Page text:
Wednesday, March 3, 2010
Editor's Tip - And Now for Something Completely Different
Here's another great article by Barbara Ardinger, freelance editor. Barbara is an experienced editor who has worked with many authors. If you have questions about your book and/or need an editor, contact Barbara at firstname.lastname@example.org. You can also visit her website at BarbaraArdinger.com
… and a dead parrot to the first reader who identifies this phrase. Of course! It’s from Monty Python’s Flying Circus, which was absurdist television at its best. I liked Monty Python a lot, and when I saw Spamalot last year, I’m pretty sure I got most of the jokes. I also believe that John Cleese, Eric Idle, Terry Jones, Terry Gilliam, Michael Palin, and Graham Chapman are geniuses, not only for their Python work but for their later work, too. Chapman, alas, is dead; not much later work. But Idle played Koko in my favorite version of The Mikado.
But why, you ask, “something complete different”? Here’s why. This month I’ve been editing two enormously abstruse works written by women neither of whose first language is English. I needed a break. One project is a Ph.D. thesis written by a Greek woman living in the north of England, the other, a New Age book by a woman who lived for awhile in Los Angeles but is currently back home in Austria. With both of these projects, I’ll be reading along and all of a sudden I come to a sentence that is composed of English words all in a row, but it’s just not English. Whoa—read it again. And again. Take it a phrase or a word at a time. Find the subject and the verb and see if they agree. See if the modifiers modify the words they’re supposed to modify. Decode the “technical” nomenclature. Figure out what’s going on in the sentence. Make a stab at rewriting it. Write a note to the author explaining what the sentence means as written. Is that what she intended? Ask for clarification. Take another best guess at meaning. Read it again to see if it makes sense yet. I’m not complaining. I love my work, but, yeah, I needed a break.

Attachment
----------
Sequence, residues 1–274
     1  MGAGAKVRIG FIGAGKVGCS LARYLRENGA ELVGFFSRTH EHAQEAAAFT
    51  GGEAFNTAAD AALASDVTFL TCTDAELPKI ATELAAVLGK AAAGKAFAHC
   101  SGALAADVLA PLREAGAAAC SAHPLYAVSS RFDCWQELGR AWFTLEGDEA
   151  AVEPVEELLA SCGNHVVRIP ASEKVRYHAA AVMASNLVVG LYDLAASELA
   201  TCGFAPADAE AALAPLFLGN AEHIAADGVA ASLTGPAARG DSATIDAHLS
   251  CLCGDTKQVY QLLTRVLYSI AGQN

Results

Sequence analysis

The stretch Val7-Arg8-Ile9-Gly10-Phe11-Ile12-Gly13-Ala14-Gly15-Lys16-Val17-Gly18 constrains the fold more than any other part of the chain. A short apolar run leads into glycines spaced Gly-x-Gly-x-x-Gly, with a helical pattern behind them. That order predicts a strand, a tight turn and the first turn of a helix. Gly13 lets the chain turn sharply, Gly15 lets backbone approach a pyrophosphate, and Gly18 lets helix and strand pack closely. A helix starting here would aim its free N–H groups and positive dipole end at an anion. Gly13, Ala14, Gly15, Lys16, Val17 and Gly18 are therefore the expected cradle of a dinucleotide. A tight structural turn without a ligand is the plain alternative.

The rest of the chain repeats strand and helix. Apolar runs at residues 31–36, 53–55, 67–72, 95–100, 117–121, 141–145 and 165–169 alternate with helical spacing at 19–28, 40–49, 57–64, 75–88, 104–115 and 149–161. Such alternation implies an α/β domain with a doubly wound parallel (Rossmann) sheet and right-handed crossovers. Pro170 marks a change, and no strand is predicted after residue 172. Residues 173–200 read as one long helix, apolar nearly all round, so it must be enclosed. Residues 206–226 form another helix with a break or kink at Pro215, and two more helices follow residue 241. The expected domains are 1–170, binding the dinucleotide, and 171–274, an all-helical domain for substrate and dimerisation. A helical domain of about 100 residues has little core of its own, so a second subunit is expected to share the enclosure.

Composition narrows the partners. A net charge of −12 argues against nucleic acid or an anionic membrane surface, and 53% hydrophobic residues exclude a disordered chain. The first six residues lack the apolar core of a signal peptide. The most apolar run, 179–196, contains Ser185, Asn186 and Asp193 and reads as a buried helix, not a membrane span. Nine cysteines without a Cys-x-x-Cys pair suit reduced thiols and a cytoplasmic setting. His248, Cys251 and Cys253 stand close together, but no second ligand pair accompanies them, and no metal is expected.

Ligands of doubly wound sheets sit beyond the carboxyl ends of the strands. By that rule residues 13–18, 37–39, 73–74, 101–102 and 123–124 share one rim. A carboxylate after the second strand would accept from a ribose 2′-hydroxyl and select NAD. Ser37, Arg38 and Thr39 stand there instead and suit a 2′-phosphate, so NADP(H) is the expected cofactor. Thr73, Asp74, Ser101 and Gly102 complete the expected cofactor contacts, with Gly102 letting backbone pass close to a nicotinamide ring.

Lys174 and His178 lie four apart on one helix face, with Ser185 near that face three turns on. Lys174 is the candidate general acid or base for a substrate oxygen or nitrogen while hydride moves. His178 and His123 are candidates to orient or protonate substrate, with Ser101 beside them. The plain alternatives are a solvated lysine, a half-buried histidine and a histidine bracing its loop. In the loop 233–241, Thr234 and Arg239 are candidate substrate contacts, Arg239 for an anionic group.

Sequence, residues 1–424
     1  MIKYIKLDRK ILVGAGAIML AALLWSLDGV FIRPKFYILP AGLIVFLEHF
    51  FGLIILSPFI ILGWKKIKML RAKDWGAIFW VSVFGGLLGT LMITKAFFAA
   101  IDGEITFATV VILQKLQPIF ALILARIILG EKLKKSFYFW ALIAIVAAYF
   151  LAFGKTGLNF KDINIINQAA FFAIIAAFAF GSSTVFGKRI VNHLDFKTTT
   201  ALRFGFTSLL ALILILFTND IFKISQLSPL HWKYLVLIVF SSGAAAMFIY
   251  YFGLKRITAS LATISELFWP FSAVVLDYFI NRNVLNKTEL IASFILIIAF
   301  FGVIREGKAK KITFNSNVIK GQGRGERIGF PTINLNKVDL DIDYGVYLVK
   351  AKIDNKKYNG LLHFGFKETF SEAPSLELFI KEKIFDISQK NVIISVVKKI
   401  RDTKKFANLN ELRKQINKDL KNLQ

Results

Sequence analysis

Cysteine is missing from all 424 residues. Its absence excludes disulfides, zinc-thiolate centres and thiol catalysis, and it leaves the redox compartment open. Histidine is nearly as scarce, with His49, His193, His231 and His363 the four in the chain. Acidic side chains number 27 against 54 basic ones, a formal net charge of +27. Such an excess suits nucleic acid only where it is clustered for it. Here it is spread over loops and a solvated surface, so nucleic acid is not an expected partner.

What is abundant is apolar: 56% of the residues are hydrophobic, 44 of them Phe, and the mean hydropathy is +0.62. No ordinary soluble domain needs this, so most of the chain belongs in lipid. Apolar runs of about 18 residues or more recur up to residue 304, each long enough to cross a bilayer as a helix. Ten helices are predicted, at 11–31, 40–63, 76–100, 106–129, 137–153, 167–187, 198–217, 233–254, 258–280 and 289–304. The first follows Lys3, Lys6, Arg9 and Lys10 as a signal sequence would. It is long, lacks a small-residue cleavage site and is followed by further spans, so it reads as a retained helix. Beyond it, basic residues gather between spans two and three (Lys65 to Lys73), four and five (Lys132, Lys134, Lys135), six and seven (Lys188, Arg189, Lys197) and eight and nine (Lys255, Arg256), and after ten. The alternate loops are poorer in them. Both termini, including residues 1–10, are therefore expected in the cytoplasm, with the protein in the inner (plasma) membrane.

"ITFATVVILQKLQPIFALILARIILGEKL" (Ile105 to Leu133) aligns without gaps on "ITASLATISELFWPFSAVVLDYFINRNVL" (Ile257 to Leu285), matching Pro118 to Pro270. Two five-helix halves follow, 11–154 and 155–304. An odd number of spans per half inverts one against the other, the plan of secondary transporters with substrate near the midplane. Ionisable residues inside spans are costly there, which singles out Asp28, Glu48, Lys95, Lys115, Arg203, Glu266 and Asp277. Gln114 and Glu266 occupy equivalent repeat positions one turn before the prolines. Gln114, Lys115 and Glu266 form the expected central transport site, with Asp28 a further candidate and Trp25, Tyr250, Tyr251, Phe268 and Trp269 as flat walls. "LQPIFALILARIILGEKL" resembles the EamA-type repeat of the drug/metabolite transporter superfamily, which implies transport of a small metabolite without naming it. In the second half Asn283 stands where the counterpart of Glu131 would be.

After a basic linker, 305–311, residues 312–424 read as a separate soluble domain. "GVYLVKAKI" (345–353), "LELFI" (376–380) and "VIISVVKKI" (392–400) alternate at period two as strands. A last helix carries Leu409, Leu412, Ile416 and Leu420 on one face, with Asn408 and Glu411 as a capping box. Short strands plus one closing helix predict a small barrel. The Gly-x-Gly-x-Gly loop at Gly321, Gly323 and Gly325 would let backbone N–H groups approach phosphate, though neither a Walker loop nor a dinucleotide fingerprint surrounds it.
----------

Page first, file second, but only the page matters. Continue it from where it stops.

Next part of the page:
So—and now I’m getting to the point—I wrote a play. It’s only sixteen pages long and it’s so full of nonsense one might think I got bitten (swallowed?) by a Python. It’s an anodyne to my highly serious work. I wrote the play for a group with whom I’ve been celebrating the solstices, equinoxes, and other festivals of the wheel of the year for a decade. They asked me to design the spring equinox ritual. So I did: it’s a ritual inside a play. I’ve written this kind of play before, most recently for the fiftieth birthday of a good friend. I fill these silly little plays with private jokes and puns and (because I was an English major and love musical theater, too) copious allusions to literature and musicals. Then I print up enough copies for everyone and ask for volunteers for the speaking (or singing) parts, and we all read it together. Totally unrehearsed. It becomes awfully Pythonesque, doncha know.